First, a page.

Yes, sorts, of. The reset vectors exist at end of each 32K bank (aka at end of each fourth 8K bank), so the lower 2bit of the bank number must tend to "3" on power-up, but any other value with lower 2bits set should works too, like 7, 0Bh, 0Fh, 13h, etc. Most likely it's just all bits tending to be set, hence my guess on 3Fh being the initial 6bit bank number.

----

For reprogramming the GAL, I think two solutions should work:

1) the /RE stuff seems to be solely switching between "normal" and "floating" banks during execution of the bootstrap code, there is absolutely no good reason for doing that, so one could just program the GAL to always output /RE=low (or just leave the GAL as is, and instead shortcut /RE to GND; ie. wire U7.Pin11 to GND, and (to avoid a harmless shortcut) disconnect GAL.Pin12).
After all, emulators seem to work well without reproducing the /RE stuff.

2) the /RE stuff seems to be totally useless, but it shouldn't disturb anything. I think the famicom-compatibility issue is just caused by different M2 timing, M2 might be important for WRITE operations (like SRAM access, or I/O port access), but for READ operations it's rather nonsense to output the read-address ONLY during M2. So one could just use the GALs original formulasand omit M2 from the /RE formula and leave everything else unchanged.

EDIT: The "pin = pin AND NOT LOWERCONDITION OR RAISECONDITION" idea also looks elegant. I thought somebody told me that GALs or PALs wouldn't be too reliable about memorizing "states" (when trying to figure out if/how the SNES six-player adaptors could work). But if it works, then it would be fine. I don't understand how you came up with the "$8xxx-$Bxxx" area though (?)

Oh, or third idea: remove the second resistor from left, that one pulls A17 high when entering the "weird" /RE=high state, if /RE gets switched too early then it would smash A17, but without the resistor A17 might stay floating intact due to impedance reasons.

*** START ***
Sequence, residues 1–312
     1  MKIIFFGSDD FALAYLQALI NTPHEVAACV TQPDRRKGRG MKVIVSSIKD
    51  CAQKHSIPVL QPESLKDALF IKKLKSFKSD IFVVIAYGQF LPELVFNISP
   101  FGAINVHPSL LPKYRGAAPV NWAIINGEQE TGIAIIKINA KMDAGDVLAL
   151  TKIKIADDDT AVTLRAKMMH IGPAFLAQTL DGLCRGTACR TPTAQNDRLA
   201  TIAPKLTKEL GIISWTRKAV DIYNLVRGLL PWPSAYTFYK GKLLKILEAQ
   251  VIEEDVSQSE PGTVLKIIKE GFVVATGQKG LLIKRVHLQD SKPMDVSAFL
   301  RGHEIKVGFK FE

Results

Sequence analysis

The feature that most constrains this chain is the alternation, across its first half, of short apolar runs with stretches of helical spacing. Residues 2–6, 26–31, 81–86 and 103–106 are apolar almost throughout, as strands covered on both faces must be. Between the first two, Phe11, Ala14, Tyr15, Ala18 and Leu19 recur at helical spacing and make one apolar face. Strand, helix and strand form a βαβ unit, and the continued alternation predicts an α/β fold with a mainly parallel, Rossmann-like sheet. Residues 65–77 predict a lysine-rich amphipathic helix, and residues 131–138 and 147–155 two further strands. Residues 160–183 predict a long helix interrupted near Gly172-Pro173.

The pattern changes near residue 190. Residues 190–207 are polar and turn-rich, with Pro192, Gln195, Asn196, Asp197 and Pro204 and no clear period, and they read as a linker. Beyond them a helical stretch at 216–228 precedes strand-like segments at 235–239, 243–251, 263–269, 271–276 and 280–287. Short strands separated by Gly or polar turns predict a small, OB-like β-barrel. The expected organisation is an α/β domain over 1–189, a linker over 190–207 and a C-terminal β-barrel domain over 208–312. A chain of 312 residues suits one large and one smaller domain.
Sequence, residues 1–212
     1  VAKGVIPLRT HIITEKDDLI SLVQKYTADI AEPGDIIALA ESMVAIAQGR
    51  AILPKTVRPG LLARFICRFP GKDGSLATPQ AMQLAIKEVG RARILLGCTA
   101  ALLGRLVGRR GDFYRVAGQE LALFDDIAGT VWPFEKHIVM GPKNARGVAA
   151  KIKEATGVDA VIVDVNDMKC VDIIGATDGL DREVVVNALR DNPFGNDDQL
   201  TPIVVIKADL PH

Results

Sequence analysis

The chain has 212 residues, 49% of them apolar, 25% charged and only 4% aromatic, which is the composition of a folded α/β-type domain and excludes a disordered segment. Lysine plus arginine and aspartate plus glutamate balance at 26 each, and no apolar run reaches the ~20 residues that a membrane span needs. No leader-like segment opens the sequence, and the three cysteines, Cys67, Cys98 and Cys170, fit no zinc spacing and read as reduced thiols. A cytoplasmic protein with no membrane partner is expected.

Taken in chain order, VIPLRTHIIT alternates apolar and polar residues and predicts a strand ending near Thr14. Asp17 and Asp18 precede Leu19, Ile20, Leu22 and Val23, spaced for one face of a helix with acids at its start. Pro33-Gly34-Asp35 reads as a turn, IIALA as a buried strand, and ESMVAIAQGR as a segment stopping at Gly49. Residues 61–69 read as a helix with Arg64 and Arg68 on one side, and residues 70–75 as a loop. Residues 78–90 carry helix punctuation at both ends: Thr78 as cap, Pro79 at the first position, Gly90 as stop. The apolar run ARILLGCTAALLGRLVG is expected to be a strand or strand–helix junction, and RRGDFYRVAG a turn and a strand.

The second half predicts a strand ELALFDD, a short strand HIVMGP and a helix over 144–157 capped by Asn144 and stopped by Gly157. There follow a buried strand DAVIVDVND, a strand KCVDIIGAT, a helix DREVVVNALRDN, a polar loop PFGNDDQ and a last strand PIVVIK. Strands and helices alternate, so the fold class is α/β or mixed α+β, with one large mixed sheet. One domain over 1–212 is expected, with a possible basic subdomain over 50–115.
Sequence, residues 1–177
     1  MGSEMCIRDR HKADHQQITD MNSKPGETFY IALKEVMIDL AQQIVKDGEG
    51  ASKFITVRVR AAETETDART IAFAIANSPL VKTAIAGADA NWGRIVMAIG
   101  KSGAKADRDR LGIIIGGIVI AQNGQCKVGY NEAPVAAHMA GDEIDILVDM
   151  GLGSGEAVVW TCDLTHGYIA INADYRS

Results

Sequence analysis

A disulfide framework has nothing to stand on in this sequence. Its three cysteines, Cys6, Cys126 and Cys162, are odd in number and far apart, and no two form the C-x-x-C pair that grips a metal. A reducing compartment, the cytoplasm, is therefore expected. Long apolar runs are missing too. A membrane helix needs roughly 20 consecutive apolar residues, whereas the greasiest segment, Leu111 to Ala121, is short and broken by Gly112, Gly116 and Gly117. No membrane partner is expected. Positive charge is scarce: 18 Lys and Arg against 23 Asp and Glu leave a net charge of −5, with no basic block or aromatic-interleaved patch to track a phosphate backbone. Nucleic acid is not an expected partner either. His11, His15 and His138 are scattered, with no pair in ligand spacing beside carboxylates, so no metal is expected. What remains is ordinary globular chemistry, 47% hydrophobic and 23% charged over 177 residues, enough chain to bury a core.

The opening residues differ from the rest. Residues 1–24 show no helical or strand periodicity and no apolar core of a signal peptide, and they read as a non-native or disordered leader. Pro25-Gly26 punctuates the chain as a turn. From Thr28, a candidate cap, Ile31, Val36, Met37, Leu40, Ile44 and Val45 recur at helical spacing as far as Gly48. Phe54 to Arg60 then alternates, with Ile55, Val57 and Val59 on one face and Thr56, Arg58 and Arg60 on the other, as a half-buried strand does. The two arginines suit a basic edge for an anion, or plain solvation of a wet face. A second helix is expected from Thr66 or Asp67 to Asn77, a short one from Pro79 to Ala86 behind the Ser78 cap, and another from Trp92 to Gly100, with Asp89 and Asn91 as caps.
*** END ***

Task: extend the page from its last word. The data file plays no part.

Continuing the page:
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PostPosted: Sun Mar 27, 2016 6:04 am 
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Removed the 2nd 4.7k resistor. A white dot on the top left appeared on the monitor, but game still did not boot. With the resistor in place I only get a black screen.


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PostPosted: Sun Mar 27, 2016 9:06 am 
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Ice Man, could you easily throw the 74'670s in a breadboard to find out what values your ICs tend to power up containing? Should be something easy like: tie /WE high, D0-D3 don't matter, Wa-Wb don't matter, Q0-Q3 to resistor+LEDs, /RE low, Ra-Rb high (or to switches)

nocash wrote:
All the game needs to do is never to set 6003h to other value than 03h, then NMI should work fine. If the game wants to access other PRG banks, then it must probably do that via other ports, like 6002h or so.
But it does. I added some tracing statements to FCEUX and got bank layouts like <00 01 02 03>, <08 09 0A 0B>, <08 2F 0A 0B>, <08 60 0A 0B>, <1C 1D 1E 1F>, <20 21 22 23>, <30 31 32 33>

nocash wrote:
I don't understand how you came up with the "$8xxx-$Bxxx" area though (?)
Just an arbitrary marker that the game is out of the reset bootstrap and wants "real" banking thereafter.

If for some reason the feedback path doesn't work, it also seems to work (at least in an emulator) to just force the memory region from $FFC0-$FFFF to always come from ROM offset $7FC0-$7FFF.